Minutes - TRIPS Council - View details of the intervention/statement

Ambassador Chak Mun See (Singapore)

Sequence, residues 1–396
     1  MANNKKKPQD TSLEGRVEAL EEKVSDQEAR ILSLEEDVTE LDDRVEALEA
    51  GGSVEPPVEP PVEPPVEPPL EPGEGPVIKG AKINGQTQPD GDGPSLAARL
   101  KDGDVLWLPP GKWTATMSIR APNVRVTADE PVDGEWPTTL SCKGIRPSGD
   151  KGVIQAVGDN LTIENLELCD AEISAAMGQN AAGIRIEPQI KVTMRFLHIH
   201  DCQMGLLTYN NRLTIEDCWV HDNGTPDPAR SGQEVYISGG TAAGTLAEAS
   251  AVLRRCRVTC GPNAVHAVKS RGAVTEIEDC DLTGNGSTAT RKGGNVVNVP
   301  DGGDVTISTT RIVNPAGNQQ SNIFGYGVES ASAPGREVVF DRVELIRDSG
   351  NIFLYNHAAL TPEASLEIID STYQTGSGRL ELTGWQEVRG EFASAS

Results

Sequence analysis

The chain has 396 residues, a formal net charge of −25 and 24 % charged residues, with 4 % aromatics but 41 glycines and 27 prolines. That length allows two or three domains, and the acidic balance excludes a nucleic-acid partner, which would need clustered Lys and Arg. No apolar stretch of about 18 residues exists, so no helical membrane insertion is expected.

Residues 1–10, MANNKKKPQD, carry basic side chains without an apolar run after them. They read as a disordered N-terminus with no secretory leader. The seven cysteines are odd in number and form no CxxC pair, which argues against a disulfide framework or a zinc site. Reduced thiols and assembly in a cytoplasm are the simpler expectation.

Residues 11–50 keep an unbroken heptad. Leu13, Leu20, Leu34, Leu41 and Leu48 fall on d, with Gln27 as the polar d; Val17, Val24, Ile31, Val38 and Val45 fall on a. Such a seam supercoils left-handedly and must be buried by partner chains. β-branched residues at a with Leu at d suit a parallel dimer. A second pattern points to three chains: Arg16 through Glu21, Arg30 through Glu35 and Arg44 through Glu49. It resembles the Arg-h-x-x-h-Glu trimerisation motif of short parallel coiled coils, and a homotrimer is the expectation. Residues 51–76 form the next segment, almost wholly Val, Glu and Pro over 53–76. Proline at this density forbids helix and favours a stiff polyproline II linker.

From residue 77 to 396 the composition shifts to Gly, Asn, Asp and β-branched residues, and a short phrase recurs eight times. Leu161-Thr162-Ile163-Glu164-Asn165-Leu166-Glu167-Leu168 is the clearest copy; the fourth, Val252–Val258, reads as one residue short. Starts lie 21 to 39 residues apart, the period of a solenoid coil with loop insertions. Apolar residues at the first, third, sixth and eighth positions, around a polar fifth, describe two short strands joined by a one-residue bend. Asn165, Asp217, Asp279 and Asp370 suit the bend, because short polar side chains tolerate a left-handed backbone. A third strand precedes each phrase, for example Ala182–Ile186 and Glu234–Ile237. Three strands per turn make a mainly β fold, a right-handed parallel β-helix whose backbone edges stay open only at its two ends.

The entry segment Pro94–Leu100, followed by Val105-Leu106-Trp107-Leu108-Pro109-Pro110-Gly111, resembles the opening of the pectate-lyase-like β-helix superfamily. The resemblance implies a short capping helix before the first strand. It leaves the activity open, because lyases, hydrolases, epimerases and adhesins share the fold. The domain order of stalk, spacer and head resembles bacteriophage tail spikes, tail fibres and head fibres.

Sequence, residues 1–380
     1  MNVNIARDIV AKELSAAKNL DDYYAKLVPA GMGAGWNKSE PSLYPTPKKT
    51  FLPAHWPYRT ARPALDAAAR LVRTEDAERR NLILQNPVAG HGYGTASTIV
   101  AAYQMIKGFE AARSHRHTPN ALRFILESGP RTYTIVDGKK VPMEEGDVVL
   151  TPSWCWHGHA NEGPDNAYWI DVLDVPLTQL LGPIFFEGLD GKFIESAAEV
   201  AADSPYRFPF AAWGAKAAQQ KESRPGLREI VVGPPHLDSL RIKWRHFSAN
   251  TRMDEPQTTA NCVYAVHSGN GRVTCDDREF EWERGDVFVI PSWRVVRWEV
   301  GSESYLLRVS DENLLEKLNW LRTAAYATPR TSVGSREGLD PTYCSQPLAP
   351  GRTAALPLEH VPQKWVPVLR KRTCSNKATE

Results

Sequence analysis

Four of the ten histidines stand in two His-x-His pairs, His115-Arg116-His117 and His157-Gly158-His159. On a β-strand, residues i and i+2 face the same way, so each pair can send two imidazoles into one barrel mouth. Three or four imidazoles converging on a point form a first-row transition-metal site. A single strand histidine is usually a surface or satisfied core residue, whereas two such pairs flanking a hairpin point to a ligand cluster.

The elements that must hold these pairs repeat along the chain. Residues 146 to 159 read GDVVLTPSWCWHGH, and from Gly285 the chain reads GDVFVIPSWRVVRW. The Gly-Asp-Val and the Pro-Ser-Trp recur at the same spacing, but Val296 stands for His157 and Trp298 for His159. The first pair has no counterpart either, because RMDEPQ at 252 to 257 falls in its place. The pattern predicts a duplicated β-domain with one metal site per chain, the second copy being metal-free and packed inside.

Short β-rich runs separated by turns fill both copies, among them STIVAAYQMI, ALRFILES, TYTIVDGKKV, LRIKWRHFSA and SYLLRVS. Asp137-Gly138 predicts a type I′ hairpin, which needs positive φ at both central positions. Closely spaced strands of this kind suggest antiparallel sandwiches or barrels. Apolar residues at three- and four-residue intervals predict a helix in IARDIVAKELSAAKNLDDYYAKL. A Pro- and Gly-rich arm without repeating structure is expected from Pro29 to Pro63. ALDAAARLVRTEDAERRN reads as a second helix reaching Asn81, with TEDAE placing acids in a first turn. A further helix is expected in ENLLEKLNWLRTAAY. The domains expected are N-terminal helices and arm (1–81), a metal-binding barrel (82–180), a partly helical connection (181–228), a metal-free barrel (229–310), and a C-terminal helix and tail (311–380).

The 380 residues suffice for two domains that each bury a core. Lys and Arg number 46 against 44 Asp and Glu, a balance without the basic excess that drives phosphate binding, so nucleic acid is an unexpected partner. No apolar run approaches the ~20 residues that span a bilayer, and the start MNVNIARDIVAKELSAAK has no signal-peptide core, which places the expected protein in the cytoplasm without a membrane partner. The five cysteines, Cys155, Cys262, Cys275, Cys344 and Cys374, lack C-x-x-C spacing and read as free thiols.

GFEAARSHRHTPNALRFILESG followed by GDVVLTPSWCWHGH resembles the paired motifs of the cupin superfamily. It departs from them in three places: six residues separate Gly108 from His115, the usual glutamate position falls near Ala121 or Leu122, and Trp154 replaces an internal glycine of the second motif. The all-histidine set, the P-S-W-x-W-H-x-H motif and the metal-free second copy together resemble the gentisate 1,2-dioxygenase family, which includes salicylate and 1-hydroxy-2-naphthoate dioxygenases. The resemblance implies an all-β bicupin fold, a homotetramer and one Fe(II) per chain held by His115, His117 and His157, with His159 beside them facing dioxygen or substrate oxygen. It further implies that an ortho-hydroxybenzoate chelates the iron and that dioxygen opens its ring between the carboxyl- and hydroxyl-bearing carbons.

45. The representative of Australia said that his delegation, in the light of the particular focus on the issue of technical cooperation at this meeting, would like to dwell on some aspects of its submission. Australia regarded it as vitally important to have a dialogue on technical assistance. Assistance should be appropriate and it should be avoided to put effort and resources into activities that were not necessarily productive. His delegation had comparatively limited resources and was most concerned to apply them as productively as possible. To that end, for example, during the recent visit of the WIPO's Director General, Dr. Idris, to Australia, a bilateral agreement had been concluded with WIPO, which focused especially on development cooperation in the Asia-Pacific region, with the express intent of greater coordination of effort to the benefit of developing countries in the region. A particular focus of Australia's work had been with its neighbour Indonesia and there had been a number of extensive programmes with that country, not only in relation to the implementation of TRIPS obligations in a formal sense, but also working towards mechanisms for driving the benefits of TRIPS implementation. Furthermore, South Pacific island countries faced a number of challenges in relation to appropriate forms of intellectual property administration and protection and Australia was working through the South Pacific forum to identify appropriate regional approaches so as to alleviate the burden on these small island countries. A growing focus was the need for specific sectoral technical cooperation in relation to intellectual property and a good example thereof concerned the field of biotechnology. There were very widely held concerns about the implications of how intellectual property in this field was administered, enforced and exploited. One response to this was of course to build up specific expertise in this field. This was a focus of the work his delegation, which would shortly release a comprehensive training package, of which all Members would be able to take advantage if they so wished. As regards the broader question of featuring directions for technical cooperation under Article 67 of the TRIPS Agreement, he recalled that the focus so far had rightly been on systemic cooperation, building up intellectual property systems, establishing legal structures, establishing administrative structures, providing the necessary skills for their administration. However, having invested extensive resources in this process, developing countries were naturally looking to reap the benefits of that investment and this involved a new phase of activity, in particular the development of new skills and new capacities, relating more to the management of intellectual property rights and the exploitation of intellectual property rights than to the establishment of the system under which they operated. With that in mind, Australia had been focusing on areas such as public awareness and education programmes and materials as well as the development of specific skills in management of intellectual property rights and the commercialization of research and other intellectual property assets.